The P2X7 receptor is not essential for development of imiquimod-induced psoriasis-like inflammation in mice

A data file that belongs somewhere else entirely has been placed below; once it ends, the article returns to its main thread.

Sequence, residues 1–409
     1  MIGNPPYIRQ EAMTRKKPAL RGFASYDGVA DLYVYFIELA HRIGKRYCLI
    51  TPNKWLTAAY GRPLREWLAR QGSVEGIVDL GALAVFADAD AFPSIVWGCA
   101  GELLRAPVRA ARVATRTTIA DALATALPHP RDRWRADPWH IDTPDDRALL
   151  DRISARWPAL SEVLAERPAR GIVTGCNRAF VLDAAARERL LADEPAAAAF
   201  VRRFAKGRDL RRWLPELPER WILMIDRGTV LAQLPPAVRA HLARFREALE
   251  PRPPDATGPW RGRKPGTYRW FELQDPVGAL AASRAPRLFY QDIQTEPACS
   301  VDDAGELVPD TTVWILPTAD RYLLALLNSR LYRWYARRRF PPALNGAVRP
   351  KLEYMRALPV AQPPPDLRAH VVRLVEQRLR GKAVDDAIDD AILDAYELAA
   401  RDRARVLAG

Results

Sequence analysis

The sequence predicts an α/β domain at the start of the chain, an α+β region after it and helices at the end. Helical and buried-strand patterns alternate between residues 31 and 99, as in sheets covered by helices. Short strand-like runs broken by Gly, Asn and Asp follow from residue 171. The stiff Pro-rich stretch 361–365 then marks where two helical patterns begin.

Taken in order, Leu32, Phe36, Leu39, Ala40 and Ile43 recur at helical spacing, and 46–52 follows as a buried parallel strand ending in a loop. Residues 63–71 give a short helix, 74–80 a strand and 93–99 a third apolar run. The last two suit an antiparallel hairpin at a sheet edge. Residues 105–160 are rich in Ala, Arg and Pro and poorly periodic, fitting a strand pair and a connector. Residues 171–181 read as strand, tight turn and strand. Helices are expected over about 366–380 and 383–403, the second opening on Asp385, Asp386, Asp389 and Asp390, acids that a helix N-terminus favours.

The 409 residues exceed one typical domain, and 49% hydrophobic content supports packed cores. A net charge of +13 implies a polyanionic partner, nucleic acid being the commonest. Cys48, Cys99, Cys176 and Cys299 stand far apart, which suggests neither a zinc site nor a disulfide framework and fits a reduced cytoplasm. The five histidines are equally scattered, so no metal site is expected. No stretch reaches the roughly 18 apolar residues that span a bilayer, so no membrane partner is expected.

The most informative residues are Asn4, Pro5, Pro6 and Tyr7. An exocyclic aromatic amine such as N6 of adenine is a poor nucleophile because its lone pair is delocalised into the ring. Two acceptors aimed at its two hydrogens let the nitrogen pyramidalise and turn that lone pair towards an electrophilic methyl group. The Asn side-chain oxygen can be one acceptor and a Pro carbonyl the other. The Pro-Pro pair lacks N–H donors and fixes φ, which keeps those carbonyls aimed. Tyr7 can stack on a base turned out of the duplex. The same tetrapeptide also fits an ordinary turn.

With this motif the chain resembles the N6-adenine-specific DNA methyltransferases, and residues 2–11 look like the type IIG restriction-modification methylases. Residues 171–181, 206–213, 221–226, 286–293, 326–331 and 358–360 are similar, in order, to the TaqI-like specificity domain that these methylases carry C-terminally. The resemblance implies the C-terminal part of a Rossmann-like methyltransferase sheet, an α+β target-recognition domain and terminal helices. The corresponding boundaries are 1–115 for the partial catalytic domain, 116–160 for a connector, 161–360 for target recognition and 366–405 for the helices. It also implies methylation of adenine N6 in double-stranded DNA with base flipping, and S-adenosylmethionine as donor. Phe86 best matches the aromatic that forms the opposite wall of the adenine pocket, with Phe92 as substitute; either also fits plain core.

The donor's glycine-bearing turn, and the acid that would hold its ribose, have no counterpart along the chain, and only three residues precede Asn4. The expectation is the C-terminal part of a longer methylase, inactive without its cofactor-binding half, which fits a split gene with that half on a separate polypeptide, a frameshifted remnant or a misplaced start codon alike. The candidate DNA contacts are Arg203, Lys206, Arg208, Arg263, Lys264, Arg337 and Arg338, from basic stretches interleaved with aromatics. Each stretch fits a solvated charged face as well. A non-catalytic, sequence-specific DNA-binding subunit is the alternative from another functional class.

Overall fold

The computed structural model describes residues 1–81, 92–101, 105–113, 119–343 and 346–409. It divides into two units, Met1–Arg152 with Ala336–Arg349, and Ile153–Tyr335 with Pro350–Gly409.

Psoriasis is a chronic inflammatory skin disorder, characterised by epidermal hyperplasia (acanthosis) and leukocyte infiltration of the skin. Current therapies are inadequate, highlighting the need for new therapeutic targets. The P2X7 receptor is implicated in the pathogenesis of psoriasis. This study investigated the role of P2X7 in imiquimod (IMQ)-induced psoriasis-like inflammation. Topically applied IMQ caused twofold greater ear swelling in BALB/c mice compared to C57BL/6 mice, which encode a partial loss-of-function missense mutation in the P2RX7 gene. However, there was no difference in histological skin pathology (acanthosis and leukocyte infiltration) between the two strains. IMQ treatment up-regulated P2X7 expression in skin from both mouse strains. Additionally, IMQ induced ATP release from cultured human keratinocytes, a process independent of cell death. Injection of the P2X7 antagonist Brilliant Blue G (BBG) but not A-804598 partly reduced ear swelling compared to vehicle-injected control mice. Neither antagonist altered skin pathology. Moreover, no difference in ear swelling or skin pathology was observed between C57BL/6 and P2X7 knock-out (KO) mice. Flow cytometric analysis of IMQ-treated skin from C57BL/6 and P2X7 KO mice demonstrated similar leukocyte infiltration, including neutrophils, macrophages and T cells. In conclusion, this study demonstrates that P2X7 is not essential for development of IMQ-induced psoriasis-like inflammation but does not exclude a role for this receptor in psoriasis development in humans or other mouse models of this disease.
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